Ernest John Obiena was screaming and pointing to his temple just after surpassing 5.75 meters, on his third and final attempt, to reach the final of the men’s pole vault competition at the Tokyo Olympics on Monday.
“I knew he can still do better, he has enough clearance,” his mother and Philippine athletics board director Jeanette Obiena told Radyo Pilipinas 2 to explain why her son had made the gesture. “I know you are not satisfied. Because he is sure he can do it. “
Elder Obiena said that one area in which EJ has come a long way is his mental toughness. “If that was earlier, that third try might have ended differently.”
Helping him with his psychological game is Dr. Sheryll Kasuga, a Filipino sports psychologist based in the United States. She has been with EJ since he recovered from an injury several years ago.
In Tokyo, EJ is under the supervision of Father Emerson and his mentor Vitaly Petrov.
“In the final, it will be very, very close. Everybody wants to start from scratch, ”said Jeanette, referring to Tuesday’s grand finale.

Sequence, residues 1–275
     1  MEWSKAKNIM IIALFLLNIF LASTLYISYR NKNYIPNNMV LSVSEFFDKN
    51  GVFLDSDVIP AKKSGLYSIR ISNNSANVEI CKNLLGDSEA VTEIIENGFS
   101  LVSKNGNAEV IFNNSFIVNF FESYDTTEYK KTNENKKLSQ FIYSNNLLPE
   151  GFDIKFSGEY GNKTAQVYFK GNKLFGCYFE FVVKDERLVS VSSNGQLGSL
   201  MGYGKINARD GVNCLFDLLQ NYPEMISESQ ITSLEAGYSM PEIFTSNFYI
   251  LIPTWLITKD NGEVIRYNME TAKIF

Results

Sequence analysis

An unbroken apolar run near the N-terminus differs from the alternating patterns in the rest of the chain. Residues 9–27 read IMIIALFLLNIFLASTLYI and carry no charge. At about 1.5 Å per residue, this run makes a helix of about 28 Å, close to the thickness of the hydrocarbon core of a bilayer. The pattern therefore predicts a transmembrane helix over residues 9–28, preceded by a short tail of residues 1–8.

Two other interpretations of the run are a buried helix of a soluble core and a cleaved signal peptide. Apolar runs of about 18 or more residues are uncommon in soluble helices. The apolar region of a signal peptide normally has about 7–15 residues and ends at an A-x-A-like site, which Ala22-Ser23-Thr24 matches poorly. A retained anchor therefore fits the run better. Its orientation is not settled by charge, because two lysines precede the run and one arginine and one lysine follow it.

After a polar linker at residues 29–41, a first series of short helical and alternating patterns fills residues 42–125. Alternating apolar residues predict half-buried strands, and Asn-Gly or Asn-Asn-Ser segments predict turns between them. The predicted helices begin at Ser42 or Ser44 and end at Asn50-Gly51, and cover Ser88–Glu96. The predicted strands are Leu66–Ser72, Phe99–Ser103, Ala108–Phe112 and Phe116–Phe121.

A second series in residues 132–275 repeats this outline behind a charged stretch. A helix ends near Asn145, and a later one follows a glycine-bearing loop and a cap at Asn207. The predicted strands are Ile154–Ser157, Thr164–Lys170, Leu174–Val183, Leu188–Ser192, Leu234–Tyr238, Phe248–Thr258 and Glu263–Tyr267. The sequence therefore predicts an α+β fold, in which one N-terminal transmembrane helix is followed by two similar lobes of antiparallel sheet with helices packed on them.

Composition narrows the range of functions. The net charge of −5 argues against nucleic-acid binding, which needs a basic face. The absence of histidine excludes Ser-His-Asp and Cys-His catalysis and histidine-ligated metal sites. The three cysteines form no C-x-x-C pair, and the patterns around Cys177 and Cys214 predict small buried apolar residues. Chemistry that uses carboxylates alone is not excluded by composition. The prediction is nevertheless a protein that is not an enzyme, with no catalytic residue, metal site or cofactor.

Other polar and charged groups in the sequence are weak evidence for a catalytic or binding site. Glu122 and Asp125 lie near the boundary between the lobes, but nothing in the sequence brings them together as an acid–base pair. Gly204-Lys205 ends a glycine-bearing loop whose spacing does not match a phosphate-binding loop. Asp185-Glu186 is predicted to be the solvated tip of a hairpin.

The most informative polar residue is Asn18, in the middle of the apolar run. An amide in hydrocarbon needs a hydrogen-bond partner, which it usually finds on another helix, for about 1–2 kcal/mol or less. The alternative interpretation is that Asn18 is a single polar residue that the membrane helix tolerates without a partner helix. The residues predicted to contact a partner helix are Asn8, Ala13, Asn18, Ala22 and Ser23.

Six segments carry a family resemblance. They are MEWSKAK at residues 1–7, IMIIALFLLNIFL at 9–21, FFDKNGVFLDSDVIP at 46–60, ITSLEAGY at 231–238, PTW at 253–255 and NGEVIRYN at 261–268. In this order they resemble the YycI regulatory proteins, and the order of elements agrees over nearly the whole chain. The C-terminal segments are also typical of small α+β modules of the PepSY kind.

Jeanette was an active participant in EJ’s Olympic journey, having seen him try out the sport using a makeshift pole from a PVC pipe when he was little.
“But now I’m just texting him [to ask] if he ate well and how are the conditions, “said Jeanette. “I don’t call him because I know him a lot. You want to focus on what you are doing. This is his dream in life, to compete in the Olympics. “
He said the ability to adapt to conditions and weather are key factors in the final.
EJ’s personal best is 5.85m, lower than that of some of his closest rivals, including Sweden’s Mondo Duplantis, who holds the world record of 6.18m.
But just as it happened in the preliminaries, where everyone only had to exceed 5.75 m and not specify 5.80 m, it will be anyone’s game.
Or brain game, for that matter. INQ
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